by | Nov 16, 2009 | Howard Katz, Precious Metals | 1 comment

Do you LOVE America?


    The gold stocks caught on fire over the past fortnight. They have lagged behind the metal in relative strength, but, since they are more volatile than the metal, bigger profits are the result. For example, gold is well above its early September levels, but the XAU and the HUI have only broken above their corresponding levels just last week.

    Measuring from May 22, 2009, when I last resumed a full bullish-gold position, the metal is up 16.5%. My Model Conservative portfolio is up 33.6%. The further back you start, the prettier it gets. For example, starting with the beginning of the grand cycle gold bull market (early 2001), the price of gold has multiplied by 4.4 times. The HUI has multiplied by 12.4 times. Pretty it is, and pretty it will continue. During the same time period the S&P is down 7%.

    Yet all I hear from the establishment is the same mantra: “Buy stocks. Stocks must go up. They always have. Don’t buy gold. Gold is a collectable.” Sad, very sad. Beating these people is like taking candy from a baby.

    Last week I received a letter from a reader who poses some interesting questions, questions I think many of you have. So I would like to address these questions in hope that I can clear up some confusions.

    “I read your opinion pieces religiously.

    I am by no means a wealthy man, or a learned one.

    My wife & I, have limited funds saved.

    I DO have about a 15% position in metals, but got in late, at the $970s. Better than $1200, but still late.

    My QUESTION for you, if you answer such emails….

    Is WHAT do I do with the U.S. Dollars I have left? (before they become toilet paper?).

    Where do I move them, NOW, to keep what we have managed to save over a lifetime.

    We are too old to start over, and our government is going to cheat us out of the funds they STOLE over our careers……

    Medicare first, and then I am sure SS.

    I love it when they call these entitlements.

    That means FREE……

    If they were FREE WHY did we PAY for them, (involuntarily) for 40 yrs?

    I would love to have it back, and paying just 1-2% over that 40 yrs…..then, I could afford to MOVE out of here, or pay someone to give me SOLID advice for investments (not in the US dollar/mkts).

    Thanks, and I sincerely thank you for your expertise, and articles.

    Best Regards,


    Dear TS:

    You have some understanding of our economic situation. Still, I think that what I have to say will be a shock. Seeing reality as it is can hurt, but it is the first step toward doing the right thing so that you can improve your life.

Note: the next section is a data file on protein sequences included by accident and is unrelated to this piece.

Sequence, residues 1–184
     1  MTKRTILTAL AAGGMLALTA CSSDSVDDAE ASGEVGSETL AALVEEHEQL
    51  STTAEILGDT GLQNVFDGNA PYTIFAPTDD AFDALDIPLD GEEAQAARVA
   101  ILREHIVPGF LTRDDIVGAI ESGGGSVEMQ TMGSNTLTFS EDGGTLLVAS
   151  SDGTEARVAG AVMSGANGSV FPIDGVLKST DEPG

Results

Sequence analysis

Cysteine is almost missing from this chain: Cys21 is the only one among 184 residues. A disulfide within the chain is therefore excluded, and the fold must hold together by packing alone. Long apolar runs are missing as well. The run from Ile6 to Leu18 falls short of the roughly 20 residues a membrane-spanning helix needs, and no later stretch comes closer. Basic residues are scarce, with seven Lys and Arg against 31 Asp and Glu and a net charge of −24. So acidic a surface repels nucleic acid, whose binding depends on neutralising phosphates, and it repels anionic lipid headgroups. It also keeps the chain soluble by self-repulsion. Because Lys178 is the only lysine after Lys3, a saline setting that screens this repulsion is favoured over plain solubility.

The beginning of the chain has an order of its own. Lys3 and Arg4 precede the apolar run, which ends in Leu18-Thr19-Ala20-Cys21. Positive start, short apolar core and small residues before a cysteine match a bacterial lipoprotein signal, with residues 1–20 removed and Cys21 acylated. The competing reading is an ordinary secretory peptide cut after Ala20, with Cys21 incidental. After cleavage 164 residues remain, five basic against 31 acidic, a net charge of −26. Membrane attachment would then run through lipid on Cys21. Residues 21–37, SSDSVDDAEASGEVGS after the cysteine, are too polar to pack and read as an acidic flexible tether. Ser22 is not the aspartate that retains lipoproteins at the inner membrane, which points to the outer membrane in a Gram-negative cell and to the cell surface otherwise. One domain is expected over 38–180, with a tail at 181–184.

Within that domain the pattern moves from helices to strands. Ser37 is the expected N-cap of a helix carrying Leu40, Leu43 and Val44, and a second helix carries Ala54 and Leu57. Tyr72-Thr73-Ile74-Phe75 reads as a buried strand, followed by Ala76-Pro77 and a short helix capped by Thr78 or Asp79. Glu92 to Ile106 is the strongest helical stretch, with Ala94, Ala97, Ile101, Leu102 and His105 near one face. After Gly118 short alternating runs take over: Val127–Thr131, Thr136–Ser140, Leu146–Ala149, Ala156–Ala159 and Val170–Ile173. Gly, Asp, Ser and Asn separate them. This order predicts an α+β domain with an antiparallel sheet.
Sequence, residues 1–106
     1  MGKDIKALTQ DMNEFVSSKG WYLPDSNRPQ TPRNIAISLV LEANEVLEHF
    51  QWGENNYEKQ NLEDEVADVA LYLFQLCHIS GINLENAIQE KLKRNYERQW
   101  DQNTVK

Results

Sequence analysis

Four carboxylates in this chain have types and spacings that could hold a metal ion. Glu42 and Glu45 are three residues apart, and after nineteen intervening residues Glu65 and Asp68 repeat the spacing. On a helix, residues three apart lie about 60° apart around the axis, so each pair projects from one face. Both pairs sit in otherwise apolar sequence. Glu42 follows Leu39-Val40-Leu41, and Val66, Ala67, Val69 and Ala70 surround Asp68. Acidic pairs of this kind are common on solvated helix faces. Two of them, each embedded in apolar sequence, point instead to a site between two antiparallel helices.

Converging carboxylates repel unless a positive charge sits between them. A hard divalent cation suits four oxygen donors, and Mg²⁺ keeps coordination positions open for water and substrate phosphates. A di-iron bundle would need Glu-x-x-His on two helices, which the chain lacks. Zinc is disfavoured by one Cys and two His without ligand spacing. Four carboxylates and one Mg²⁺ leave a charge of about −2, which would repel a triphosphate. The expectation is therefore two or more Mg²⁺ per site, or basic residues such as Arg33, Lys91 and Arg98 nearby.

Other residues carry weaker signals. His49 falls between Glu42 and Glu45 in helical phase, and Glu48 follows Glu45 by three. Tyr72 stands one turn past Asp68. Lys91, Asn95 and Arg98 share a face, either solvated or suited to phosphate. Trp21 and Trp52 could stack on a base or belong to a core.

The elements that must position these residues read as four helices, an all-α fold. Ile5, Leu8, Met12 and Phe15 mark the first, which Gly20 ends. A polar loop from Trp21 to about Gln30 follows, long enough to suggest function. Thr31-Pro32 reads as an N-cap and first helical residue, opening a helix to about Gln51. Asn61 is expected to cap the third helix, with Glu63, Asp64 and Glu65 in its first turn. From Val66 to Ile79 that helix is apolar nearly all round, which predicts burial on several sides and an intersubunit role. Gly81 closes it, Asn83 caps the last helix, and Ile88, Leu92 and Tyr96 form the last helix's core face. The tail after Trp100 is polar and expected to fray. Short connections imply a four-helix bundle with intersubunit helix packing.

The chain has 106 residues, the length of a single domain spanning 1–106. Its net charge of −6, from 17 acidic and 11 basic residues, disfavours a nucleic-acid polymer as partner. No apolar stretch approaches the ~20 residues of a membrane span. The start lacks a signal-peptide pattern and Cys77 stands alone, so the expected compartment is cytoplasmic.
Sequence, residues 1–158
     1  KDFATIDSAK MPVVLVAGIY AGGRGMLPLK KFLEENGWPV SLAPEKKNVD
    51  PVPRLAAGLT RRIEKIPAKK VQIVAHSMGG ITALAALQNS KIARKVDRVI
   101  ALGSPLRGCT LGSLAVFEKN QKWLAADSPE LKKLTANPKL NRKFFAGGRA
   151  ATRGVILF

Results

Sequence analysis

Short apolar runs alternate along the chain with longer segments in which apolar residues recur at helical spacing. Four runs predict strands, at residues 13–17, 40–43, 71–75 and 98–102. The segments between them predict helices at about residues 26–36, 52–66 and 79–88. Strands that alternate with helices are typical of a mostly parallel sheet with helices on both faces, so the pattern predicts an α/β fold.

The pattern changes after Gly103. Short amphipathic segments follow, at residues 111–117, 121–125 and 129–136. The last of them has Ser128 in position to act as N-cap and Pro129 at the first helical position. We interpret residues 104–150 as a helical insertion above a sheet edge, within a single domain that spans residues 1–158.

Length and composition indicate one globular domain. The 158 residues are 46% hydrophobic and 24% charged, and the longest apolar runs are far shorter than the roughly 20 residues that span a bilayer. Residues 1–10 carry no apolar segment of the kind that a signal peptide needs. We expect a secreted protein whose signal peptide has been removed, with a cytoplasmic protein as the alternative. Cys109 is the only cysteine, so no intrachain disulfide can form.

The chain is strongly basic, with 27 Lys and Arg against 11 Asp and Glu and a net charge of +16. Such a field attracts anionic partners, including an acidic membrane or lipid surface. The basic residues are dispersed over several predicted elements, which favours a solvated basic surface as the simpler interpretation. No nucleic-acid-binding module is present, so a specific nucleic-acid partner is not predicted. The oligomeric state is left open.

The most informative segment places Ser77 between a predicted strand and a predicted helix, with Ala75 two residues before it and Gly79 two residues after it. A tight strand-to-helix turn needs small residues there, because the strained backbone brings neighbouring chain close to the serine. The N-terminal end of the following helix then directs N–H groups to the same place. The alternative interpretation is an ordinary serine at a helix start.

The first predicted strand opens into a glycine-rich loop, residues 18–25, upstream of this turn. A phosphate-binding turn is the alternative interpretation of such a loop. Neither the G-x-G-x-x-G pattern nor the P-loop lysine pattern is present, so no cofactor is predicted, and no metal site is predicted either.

First, what do you do with the US dollars you have left before they become toilet paper? This should be answered on two levels. In terms of the immediate situation, you should not have any US dollars left. That is, whatever assets you have above and beyond short term expenses should be in real goods.

    In terms of the more distant future, you are fighting an almost impossible problem. You are probably thinking in terms of accumulating enough capital to retire. The point to understand is that in today’s world it is (virtually) impossible to retire. This is not merely your problem. Everyone has the same problem. You are merely more perceptive than most and have recognized the problem. Let us do a little compound interest problem such as you were taught in 8 th grade math class. Let us say that you start to work at age 16 and continue until age 66, saving 15% of your salary each year and putting it in the savings bank at 5% interest. If your salary is 32 oz. of gold per year, then you save 15% x 32 oz. = 4.8 oz. of gold each year.

    (To put this in context, the salary of the average American in the middle of the “depression” (1932) was 56 oz. of gold per year. In 1974 (when gold ownership was legalized again), the salary of the average American was 40 oz. of gold per year. In 1987, it was 32 oz. of gold per year. And today it is also 32 oz. of gold per year. So much for the myths that the “depression” was a depression and that we are making economic progress.)

    Here is the key to figuring out your economic situation. If you save (toward retirement) 4.8 oz. of gold per year for 50 years, then you have saved 240 oz. Whether you call this 240 oz. or $264,000 (2009) dollars, it is not enough on which to retire. If you could manage to find a bank or savings institution which would pay you 5% interest, this would give you an annual income of $13,200 (2009) dollars, about one-third of what the average American makes per year.